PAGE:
• Staff turnover and the need for training are highly correlated. The “Great Resignation” has led to significant turnover in IP administrative staff. Every time you hire a new employee, risk can be introduced while they acclimate to your firm’s processes, procedures, and systems.
    • Law firms and corporations may consider using a third-party company to assist with administrative tasks. Good outsourcing vendors must specialize in and understand the nuances of IP, can recommend best practices in docketing, help your organization develop or tweak its docketing manual, and remove the burden of finding, hiring, training, and retaining administrative staff. Competent outsourcing companies should have a generous compensation model and culture to retain top talent. Any company looking to outsource administrative work should question the vendor on their work culture, staff turnover, what steps they put in place to retain staff, and what process recommendations they can provide to their customers to streamline their operation.

Lack of robust systems – Your organization’s IPMS should have an IP-specific rules engine that automatically creates due dates when staff enters certain information. Using either a generic legal docketing system that does not include IP laws or another software that is not designed for docketing (such as a CRM) is akin to playing with fire – you are eventually bound to get burned. There are several options for viable IPMS with various modules, features, benefits, and pricing models that should meet any organization’s requirements.

Bad data – The computer science term “Garbage In Garbage Out”, or the GIGO effect, is certainly true in IP docketing. Data inaccuracy can creep into any sound docketing system. A variety of reasons causes this – ranging from ill-trained staff to bringing files into your system from M&A activity (and thus no certainty the other organization’s data is accurate), to staff turnover, to the simple reason humans are doing this task and mistakes occur. Having clean data is imperative to reducing the risk of lapsing cases. There are a few solutions available to address this problem.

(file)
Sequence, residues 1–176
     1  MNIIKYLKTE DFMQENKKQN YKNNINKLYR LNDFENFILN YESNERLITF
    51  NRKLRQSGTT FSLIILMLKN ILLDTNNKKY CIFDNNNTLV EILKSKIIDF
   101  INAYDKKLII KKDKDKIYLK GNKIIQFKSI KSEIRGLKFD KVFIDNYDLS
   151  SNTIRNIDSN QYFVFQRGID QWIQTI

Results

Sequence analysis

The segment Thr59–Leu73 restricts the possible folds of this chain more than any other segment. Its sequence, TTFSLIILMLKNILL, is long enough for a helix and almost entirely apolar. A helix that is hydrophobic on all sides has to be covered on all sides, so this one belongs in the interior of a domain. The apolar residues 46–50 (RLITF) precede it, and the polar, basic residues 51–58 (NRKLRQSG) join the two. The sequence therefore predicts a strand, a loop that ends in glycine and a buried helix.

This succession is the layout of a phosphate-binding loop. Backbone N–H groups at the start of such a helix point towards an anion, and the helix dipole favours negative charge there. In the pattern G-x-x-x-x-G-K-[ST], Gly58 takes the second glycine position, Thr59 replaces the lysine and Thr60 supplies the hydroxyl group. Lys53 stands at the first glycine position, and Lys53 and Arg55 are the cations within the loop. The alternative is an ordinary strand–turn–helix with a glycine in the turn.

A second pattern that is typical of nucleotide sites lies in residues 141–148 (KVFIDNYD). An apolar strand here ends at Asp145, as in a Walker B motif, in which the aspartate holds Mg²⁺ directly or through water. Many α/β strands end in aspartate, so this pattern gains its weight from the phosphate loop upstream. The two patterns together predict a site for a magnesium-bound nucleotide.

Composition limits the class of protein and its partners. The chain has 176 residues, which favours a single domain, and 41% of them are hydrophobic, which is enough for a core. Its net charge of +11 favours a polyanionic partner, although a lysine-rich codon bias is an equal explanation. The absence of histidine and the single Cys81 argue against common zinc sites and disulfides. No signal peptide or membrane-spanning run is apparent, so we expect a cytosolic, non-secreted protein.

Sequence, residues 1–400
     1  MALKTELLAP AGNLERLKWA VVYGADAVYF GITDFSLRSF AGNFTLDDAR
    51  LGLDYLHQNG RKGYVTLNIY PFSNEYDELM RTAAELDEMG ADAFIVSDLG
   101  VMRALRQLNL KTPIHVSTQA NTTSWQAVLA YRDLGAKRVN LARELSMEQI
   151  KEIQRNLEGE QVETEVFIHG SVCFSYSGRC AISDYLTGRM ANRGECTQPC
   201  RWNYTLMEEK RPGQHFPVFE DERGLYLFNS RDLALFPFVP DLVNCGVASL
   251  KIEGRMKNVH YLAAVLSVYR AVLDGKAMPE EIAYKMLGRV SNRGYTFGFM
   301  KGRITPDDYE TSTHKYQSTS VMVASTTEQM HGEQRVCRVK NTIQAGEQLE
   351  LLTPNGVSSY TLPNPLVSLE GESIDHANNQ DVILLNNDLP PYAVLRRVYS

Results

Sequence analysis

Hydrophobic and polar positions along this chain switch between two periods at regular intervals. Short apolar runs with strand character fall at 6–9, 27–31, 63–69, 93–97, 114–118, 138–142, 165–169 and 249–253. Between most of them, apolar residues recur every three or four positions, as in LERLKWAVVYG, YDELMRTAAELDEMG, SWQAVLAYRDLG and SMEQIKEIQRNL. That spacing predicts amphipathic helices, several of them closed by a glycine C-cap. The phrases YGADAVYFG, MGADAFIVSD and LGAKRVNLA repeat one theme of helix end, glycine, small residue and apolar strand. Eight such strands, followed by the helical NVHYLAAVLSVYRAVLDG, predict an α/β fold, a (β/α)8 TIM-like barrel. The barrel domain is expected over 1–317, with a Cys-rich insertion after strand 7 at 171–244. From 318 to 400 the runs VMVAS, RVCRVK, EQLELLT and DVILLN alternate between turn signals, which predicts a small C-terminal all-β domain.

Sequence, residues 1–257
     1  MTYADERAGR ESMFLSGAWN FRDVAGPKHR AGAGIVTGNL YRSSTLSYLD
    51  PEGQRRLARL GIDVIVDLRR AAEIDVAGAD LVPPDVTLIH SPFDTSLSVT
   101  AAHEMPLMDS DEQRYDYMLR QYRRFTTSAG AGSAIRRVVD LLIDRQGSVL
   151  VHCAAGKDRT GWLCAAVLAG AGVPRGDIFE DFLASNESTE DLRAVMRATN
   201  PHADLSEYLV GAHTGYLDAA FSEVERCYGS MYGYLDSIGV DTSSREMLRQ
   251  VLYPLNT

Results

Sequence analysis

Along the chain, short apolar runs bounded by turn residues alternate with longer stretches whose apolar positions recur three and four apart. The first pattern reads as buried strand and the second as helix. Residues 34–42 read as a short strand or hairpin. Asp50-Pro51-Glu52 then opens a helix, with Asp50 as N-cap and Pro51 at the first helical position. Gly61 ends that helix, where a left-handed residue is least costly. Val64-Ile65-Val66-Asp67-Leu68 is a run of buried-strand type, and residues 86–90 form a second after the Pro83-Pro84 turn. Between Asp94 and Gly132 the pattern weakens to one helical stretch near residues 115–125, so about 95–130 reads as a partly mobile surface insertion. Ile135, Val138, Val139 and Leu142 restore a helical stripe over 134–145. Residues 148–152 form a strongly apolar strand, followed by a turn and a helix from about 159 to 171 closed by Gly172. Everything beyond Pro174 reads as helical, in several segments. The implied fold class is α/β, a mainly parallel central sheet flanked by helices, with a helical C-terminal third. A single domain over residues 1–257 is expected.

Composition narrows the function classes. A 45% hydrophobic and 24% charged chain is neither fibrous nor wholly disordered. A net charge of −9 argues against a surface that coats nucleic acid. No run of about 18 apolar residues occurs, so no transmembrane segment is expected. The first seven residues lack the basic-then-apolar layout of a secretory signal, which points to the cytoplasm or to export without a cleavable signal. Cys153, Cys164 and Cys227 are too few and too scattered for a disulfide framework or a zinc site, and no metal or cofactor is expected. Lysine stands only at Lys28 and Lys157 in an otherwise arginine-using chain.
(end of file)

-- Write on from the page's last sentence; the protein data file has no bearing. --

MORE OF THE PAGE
• Some IPMS systems offer “data verification” to compare your and PTO records. Unfortunately, most of these features are underwhelming as they simply look to see if field A in the IPMS equals Field A at the PTO. Thus, Patent Application 123.4 and Patent Application 123-4 will come across as an error, when in fact, it is not. This leads to hundreds or thousands of “errors” showing up in your IPMS data verification module. It becomes challenging, if not impossible, to sort through all the false errors in search of actual data problems. Additionally, if cases are accidentally marked as “unfiled”, they may never even go through the data verification engine.
  • The most effective way to reduce risk is to use third-party solutions that can proactively identify actual statutory errors in your data while eliminating the white noise that most companies find by using their IPMS capabilities. These tools should understand IP logic and identify procedural mistakes – for example, if a filing receipt is docketed, there should always be a filing number and date. Robust systems can identify issues like these; “free” modules that come with an IPMS may not.